A response to the question “How long will it take?”: “From my experience, it may take a day or 2 before he dies. Patients, however, sometimes will remain with us a little longer than we anticipate, and therefore it is important to be prepared for that.”
        “I want to stress that as you go through this, the nurses and doctors will be with you.”
    Experiencing the emotions of the moment
        A response to “We really thought he was going to get better.”: “After having such high expectations, all this must be incredibly frustrating and disappointing to you.”
        A response to “He was such a good man. Why should this happen to him.”: “I agree, all this seems so unfair.”
        As the loved ones are weeping and grieving: “I share your sadness that he will not be with us anymore.”
        The challenges of decision-making: “Making these kinds of decisions for loved ones are never easy.”
        [Remember the value of silence.]
    Ending on a positive note
        “Before we close, please tell me something special or funny or memorable about Mr R.”
        “I know that prayer is important to you. I therefore would like to have the chaplain give us a prayer.”
        “I sincerely thank you for being here today and for helping us make these difficult decisions.”
  • Table 2

    Suggested responses to specific statements by the family

    Statements by the familyCommentsSuggested physician responses
    “My dad was always a fighter.”Families want, and need to be assured that every appropriate effort has been made to restore the health of their loved one.Not all fights are meant to be won. Accepting this, but recognizing that your father was a fighter, the key question is, have we done everything we could to make it possible for him to win this fight? I can assure you we have.”
    “My dad would want us to do everything.”“Doing everything” should be understood as doing everything that is medically appropriate. There is no obligation to provide, at the demands of family members, treatments that are medially ineffective or lacking physiological benefit.I can assure you that we have done everything possible to make your father better. To make sure we have not missed anything, we consulted … and did the following studies … (briefly/succinctly list major problems and efforts made to address them). Although we are not able to make him better, we will do everything possible to make sure he is comfortable and does not suffer.”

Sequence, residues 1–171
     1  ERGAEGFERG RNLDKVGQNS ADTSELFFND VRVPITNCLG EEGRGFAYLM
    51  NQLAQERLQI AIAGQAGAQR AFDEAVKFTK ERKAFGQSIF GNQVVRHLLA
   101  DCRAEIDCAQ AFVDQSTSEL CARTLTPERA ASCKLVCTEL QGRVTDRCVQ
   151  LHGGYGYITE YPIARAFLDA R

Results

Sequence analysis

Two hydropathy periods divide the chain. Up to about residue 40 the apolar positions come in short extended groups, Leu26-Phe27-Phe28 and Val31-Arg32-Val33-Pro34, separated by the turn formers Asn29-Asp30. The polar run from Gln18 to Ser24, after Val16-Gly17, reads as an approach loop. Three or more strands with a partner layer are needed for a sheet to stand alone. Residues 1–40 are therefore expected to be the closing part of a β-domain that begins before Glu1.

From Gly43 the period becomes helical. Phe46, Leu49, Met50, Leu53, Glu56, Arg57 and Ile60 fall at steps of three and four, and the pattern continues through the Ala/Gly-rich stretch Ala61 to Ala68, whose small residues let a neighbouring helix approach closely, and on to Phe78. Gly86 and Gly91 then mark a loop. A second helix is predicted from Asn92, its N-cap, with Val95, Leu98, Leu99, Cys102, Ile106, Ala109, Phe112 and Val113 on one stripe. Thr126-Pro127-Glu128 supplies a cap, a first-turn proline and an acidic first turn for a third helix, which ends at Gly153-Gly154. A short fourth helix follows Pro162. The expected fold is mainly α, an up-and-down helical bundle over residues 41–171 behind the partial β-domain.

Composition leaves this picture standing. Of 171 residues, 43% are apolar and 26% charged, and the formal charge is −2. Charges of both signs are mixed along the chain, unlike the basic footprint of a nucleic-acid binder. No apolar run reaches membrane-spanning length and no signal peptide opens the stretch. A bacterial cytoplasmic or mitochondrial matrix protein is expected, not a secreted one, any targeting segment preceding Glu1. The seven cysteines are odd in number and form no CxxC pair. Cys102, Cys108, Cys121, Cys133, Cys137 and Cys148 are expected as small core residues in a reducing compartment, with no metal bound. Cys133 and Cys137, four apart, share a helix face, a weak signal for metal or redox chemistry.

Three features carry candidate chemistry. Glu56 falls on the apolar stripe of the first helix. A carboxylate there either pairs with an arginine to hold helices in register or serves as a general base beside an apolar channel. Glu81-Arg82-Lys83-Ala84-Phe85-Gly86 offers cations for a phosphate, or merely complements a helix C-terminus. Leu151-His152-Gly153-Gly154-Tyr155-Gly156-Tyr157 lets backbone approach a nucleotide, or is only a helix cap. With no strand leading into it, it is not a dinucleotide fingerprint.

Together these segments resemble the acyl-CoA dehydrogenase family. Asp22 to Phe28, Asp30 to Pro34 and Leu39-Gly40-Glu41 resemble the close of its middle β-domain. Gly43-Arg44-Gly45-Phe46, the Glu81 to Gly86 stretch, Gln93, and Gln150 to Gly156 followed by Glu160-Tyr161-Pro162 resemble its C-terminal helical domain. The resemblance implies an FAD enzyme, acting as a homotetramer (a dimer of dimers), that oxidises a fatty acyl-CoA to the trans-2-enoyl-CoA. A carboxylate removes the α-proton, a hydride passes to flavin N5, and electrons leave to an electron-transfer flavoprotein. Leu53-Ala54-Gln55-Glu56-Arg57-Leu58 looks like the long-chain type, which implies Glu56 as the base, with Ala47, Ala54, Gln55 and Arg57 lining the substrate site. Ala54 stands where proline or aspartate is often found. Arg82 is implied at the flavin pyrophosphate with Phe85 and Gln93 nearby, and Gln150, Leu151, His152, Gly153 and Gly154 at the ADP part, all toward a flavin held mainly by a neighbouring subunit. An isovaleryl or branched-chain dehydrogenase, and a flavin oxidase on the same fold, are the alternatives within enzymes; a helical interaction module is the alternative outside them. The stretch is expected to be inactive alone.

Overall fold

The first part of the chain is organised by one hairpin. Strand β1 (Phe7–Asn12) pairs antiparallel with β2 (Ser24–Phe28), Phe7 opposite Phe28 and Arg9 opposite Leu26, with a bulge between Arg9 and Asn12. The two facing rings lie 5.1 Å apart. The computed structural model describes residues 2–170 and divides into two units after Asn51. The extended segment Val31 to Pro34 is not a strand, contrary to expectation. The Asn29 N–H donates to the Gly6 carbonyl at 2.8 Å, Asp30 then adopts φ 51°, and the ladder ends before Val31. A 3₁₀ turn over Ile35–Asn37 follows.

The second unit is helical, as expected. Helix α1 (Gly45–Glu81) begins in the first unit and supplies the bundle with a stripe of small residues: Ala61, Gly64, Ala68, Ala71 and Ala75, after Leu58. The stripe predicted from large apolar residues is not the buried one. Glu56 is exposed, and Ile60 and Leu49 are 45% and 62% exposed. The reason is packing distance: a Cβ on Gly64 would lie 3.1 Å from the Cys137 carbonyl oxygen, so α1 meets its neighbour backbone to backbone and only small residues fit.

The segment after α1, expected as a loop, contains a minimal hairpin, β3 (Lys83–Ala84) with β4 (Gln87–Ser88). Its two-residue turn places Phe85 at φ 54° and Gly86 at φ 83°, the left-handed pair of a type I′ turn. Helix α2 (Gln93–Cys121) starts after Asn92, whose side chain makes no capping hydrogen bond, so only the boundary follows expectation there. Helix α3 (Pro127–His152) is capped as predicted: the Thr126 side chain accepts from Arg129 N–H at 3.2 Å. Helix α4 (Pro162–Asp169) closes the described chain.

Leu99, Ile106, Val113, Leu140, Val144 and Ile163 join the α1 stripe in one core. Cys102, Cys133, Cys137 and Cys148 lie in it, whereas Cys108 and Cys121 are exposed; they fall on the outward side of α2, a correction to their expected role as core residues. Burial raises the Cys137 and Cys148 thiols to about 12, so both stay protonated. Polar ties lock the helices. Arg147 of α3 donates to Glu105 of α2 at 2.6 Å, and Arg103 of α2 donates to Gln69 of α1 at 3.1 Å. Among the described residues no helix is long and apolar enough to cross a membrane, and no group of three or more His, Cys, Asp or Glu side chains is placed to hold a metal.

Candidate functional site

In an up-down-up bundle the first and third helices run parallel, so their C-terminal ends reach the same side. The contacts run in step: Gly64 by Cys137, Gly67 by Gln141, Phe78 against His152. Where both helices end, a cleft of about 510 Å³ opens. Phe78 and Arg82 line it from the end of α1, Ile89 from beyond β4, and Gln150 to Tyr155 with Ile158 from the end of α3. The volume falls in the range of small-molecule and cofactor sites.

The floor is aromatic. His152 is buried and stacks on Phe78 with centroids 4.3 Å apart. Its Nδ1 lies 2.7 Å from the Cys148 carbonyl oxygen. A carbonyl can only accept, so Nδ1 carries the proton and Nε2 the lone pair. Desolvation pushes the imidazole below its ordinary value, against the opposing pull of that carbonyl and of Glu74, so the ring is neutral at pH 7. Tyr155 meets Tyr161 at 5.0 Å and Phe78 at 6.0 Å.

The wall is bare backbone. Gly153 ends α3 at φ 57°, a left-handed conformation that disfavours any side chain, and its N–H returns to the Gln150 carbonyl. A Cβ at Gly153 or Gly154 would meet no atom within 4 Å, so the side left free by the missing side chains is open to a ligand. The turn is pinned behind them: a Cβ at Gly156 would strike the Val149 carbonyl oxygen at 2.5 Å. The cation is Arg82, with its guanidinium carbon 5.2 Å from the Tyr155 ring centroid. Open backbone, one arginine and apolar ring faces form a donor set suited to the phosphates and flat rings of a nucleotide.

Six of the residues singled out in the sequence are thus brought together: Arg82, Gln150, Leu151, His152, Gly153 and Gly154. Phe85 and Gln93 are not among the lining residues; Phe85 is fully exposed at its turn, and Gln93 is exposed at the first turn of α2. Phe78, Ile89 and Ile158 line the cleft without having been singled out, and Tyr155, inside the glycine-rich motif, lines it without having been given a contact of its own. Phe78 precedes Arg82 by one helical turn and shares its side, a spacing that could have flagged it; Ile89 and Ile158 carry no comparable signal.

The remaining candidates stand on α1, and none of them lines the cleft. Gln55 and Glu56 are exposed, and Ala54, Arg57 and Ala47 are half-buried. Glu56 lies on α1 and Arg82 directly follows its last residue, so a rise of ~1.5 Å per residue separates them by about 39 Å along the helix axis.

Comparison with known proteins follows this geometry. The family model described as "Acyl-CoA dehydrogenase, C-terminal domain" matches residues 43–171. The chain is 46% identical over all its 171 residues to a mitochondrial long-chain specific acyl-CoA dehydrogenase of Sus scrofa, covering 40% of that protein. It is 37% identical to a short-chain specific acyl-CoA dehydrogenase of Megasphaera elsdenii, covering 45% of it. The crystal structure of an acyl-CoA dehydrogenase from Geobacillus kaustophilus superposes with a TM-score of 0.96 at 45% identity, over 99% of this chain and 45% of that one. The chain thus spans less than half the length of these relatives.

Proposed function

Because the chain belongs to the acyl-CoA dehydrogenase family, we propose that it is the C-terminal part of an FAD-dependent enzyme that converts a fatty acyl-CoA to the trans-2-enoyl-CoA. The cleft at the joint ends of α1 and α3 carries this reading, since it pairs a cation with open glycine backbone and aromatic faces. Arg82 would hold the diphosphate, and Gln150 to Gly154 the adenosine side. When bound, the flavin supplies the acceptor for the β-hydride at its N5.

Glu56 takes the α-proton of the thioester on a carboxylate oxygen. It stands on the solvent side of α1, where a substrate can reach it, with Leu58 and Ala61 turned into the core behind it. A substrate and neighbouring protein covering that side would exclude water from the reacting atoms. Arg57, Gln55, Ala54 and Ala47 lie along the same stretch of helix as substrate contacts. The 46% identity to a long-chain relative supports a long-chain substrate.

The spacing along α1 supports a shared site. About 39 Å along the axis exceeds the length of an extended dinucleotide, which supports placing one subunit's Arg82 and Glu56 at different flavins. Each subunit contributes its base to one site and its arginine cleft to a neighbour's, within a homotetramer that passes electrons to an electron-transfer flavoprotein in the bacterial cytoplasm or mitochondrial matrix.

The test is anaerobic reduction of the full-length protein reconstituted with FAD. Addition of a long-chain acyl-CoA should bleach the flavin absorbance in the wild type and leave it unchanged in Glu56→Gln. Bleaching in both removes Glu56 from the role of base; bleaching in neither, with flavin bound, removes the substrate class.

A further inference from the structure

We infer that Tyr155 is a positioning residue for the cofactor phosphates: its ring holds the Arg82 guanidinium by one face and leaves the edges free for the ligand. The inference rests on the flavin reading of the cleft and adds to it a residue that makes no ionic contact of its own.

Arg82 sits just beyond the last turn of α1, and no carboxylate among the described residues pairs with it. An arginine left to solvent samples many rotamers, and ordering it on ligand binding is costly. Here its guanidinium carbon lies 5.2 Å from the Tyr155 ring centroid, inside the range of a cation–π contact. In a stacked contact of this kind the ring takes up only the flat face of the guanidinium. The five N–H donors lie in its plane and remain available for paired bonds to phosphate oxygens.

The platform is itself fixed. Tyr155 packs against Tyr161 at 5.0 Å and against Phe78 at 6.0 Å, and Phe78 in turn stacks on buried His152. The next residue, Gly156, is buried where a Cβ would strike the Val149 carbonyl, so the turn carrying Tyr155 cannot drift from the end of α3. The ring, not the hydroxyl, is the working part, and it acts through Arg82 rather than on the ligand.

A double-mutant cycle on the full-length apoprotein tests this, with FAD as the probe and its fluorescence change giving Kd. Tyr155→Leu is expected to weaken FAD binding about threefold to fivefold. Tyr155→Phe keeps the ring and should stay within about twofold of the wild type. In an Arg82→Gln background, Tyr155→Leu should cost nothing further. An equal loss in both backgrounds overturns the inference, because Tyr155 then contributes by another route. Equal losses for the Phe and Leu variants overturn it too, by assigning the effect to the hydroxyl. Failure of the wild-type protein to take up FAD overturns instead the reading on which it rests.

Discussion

“I am not ready to let my husband go.”Expressions of anticipated grief or loss at this time are normal. An effective response is one that compassionately acknowledges the emotions the family is experiencing, while suggesting some things that might help them cope with their loss.“When you love someone as you certainly do, the time will never feel right to let him go. But I do believe there are things you can hold on to, like memories of shared experiences; the pride you both enjoyed around your children or grandchildren; or your hope in seeing him in heaven (if they have that belief).”
    “We know that things are hopeless, but we believe a miracle will occur.”In responding to a family that has this belief, the goal is not to present arguments that intellectually overwhelm the family. Instead, through patient and respectful discussions, the family is provided with information and fresh perspectives that they can use to reshape their thinking and understanding of the current situation. This effort begins by attempting to understand the meaning and significance of a miracle to the family (see DeLisser36 and Feudtner37).“Miracles can mean different things to different people. What does a miracle mean to you? What would a miracle look like?”
    As a subsequent or follow-up question ask:
    “Assuming that a miraculous healing might not occur, are there other things that you would like to hope for?